Tips for Shooting Your First Wedding Part 2

Are you photographing your first wedding soon? This is part two of the Tips for Shooting Your First Wedding series! In today’s blog post we’re going to focus on photographing the ceremony, portraits (bride & groom, family formals, bridal party), and reception. Let’s start with the ceremony!


The Ceremony


If this is your first time photographing a wedding, here are a few key shots that you need to make sure you photograph:

  • the processional
  • the bride walking down the aisle
  • the groom’s reaction
  • a back shot of the bride walking down the aisle
  • the first kiss
  • a wide ceremony shot of the guests
  • the recessional


how to photograph your first wedding


I usually stand in front of the first row to get the “walking down the aisle” and “groom’s reaction” shots, while my second shooter focuses on the back shot of the bride walking down the aisle. As soon as the bride gets to the altar, I walk around to the back and stay there until the first kiss. I use my 70-200mm lens to photograph ceremonies because I like to be as far away as possible so that I’m not disruptive.


how to photograph your first wedding


The Portraits


Family Formals

We go into family formals as soon as the ceremony is over while everyone is still there. I like to start with the grandparents so they don’t have to stand for long periods of time. If you read Tips for Shooting Your First Wedding Part 1, you know that I already have a list of everyone’s names so things are organized and go smoothly. One tip for shooting a group standing in a single row, but in a semi-circle instead of a straight line (this happens a lot during family formals), is to always focus on the person closest to the camera to ensure that everyone is in focus. The reason for this is that the depth of field (how much of your image is in focus) extends approximately 1/3 in front of your focus point and 2/3 behind it. So by focusing on the person closest to the camera, this will ensure that the people who are slightly behind will still be in focus. For group shots, I like to use an aperture of  f/3.2-f/3.5.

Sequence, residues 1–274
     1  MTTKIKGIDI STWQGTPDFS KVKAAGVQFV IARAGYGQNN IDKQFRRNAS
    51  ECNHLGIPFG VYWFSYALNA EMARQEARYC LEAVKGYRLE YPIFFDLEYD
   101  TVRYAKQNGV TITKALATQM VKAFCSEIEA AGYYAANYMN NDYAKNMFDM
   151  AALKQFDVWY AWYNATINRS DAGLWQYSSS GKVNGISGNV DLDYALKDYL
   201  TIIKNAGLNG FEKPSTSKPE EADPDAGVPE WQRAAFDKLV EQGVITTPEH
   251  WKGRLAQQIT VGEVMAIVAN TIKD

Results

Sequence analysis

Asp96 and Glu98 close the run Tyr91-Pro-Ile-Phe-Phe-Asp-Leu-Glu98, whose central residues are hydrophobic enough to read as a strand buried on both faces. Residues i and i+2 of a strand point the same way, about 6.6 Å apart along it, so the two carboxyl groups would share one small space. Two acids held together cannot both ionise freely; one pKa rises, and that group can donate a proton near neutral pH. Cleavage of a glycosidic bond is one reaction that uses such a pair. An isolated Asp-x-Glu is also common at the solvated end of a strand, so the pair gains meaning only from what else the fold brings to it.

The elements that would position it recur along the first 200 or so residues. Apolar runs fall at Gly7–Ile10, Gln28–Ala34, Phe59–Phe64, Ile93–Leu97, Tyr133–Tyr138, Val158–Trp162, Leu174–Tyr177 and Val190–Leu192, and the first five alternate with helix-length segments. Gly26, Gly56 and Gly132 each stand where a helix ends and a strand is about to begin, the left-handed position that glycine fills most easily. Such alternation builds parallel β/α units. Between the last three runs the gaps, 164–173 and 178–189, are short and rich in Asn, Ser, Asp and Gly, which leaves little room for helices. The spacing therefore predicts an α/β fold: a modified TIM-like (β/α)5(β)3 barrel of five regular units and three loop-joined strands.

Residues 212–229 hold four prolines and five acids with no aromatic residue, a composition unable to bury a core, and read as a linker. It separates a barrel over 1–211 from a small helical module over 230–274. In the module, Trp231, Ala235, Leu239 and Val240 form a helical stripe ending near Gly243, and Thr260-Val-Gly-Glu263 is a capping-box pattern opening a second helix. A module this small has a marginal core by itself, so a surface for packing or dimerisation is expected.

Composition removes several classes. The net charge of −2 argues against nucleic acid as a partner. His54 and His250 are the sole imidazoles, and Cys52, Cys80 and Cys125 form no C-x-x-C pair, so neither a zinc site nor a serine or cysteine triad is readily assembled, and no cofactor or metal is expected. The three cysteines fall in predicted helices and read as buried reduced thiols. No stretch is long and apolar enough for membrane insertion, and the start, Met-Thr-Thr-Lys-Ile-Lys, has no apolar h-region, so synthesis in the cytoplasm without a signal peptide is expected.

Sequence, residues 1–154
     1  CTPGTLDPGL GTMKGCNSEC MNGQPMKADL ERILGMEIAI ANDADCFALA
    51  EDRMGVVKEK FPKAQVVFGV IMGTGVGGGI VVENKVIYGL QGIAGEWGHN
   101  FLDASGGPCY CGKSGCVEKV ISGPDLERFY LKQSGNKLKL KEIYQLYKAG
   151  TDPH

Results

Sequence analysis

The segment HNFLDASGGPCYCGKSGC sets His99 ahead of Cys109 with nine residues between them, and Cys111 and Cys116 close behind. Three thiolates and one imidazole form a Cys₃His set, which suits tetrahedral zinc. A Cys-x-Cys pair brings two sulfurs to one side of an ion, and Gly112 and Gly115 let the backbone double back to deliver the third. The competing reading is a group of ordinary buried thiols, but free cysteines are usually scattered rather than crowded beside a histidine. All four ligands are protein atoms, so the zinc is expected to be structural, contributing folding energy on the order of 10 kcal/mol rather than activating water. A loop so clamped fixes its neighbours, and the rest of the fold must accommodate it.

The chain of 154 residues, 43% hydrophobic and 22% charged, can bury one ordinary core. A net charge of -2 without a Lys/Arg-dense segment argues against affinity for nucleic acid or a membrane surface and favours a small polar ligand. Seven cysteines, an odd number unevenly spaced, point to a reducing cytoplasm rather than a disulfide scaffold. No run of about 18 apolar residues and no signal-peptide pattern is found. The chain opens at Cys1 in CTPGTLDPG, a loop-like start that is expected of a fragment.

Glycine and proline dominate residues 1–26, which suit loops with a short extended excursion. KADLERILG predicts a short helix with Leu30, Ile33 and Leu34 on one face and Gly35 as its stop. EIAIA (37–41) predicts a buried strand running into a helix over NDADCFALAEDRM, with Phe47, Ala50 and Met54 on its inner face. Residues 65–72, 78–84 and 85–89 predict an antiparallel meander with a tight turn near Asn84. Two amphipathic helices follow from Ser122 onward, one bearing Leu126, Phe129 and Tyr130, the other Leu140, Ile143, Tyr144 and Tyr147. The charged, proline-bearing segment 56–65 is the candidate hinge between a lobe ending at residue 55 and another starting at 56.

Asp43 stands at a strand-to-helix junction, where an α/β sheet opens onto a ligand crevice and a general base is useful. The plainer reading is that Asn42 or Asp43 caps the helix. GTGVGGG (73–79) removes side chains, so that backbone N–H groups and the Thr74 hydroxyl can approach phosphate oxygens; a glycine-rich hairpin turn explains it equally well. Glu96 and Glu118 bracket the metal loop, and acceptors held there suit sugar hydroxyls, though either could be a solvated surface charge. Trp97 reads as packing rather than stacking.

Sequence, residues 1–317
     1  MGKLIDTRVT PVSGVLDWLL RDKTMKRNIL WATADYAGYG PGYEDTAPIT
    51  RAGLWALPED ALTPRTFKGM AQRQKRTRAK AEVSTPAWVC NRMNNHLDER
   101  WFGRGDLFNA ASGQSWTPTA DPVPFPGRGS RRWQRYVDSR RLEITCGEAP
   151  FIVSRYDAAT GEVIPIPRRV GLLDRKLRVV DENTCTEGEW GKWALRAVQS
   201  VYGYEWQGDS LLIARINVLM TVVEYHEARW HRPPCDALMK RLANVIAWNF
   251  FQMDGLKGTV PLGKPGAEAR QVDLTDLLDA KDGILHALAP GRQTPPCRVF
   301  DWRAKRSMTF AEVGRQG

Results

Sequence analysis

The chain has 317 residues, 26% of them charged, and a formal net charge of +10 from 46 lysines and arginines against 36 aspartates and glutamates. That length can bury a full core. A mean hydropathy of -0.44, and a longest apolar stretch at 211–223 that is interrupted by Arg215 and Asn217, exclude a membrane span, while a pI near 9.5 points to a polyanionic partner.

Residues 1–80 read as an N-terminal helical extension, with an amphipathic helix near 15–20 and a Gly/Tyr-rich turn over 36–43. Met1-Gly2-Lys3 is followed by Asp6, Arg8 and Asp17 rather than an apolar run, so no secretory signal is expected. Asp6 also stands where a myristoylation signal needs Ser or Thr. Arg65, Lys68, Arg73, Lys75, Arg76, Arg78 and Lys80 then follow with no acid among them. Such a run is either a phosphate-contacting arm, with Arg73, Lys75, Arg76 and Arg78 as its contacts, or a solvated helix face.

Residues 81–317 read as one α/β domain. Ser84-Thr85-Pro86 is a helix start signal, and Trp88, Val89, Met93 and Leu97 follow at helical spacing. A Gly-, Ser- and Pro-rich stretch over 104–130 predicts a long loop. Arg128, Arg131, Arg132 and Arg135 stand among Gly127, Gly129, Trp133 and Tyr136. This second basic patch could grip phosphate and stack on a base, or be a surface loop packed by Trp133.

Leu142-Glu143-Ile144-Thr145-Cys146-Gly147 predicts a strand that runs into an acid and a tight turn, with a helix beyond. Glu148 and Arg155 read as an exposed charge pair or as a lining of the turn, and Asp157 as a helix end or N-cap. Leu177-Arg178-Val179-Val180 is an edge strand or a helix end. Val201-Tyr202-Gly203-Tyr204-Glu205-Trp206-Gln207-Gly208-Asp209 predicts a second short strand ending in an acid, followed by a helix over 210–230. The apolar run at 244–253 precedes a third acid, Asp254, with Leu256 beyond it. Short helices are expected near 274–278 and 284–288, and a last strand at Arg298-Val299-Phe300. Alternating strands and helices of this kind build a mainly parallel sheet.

how to photograph family formals at weddings

(Pro Tip: Ask the guys to put their hands in their pockets.)


If you need more help with focus, you can read my How to Get Everyone in Focus During Group Photos blog post.


Bridal Party

Bridal parties can be challenging to photograph depending on the size. My best tip is to be assertive and in control. I know it sounds intimidating, especially if you’re an introvert like me, but if you don’t look like you “know what you’re doing”, they are not going to listen to you. What I like to say is “Guys, I know it’s hot/cold and that you want to go enjoy the reception, so I’m going to make this really quick. Let’s start with….” That usually gets their attention and cooperation. I like to use an aperture of  f/3.2-f/3.5 to photograph bridal parties.


how to photograph bridal parties


Bride & Groom Portraits

I like to use an aperture of f/2-f/2.2 for bride and groom portraits. Remember that if it’s an overcast day, you’ll want to have your subjects face the sun. If it’s a sunny day and you’re shooting outside with no shade, have your subject face their shadow. Use light backgrounds (white porch, grey building, etc.) for a more light and airy style. Avoid busy backgrounds as much as possible. Have a few core poses in the back of your mind at all times. Your clients will feel more at ease if they know that you are in control. For more posing help, you can check out these blog posts:


The Reception


Make sure to get to the reception area before the guests arrive so that you can photograph the decor untouched. Take table shots, close ups of the center pieces, the sweetheart table, a wide shot of the reception room, etc.


reception pictures


Also, there are a few key moments that you’ll want to make sure you capture:

  • the introductions
  • bride and groom first dance
  • father-daughter dance
  • mother-son dance
  • cake cutting


I like to use my 24-70mm lens during the reception because it allows me to go from shooting tight shots on the dance floor, to shooting wide group portraits when guests or family members request them. If I were to shoot with a prime lens, I wouldn’t have the same flexibility in switching back and forth so quickly.


how to photograph a wedding reception


I usually have one flash on camera and one on a light stand in a corner (often times I also use a white reflective umbrella to soften the light). Remember not to go over 250 shutter speed when using a flash because it can cause a black bar to appear at the bottom of your images. Flash freezes motion, so your images won’t be blurry unless there’s a lot of movement happening.


flash setup for photographing dark receptions


If you need more help with shooting flash, these blog posts might help:


I hope this is helpful if you’re photographing your first wedding soon and that you enjoyed my Tips for Shooting Your First Wedding series (don’t forget to check out part 1 if you haven’t already)!




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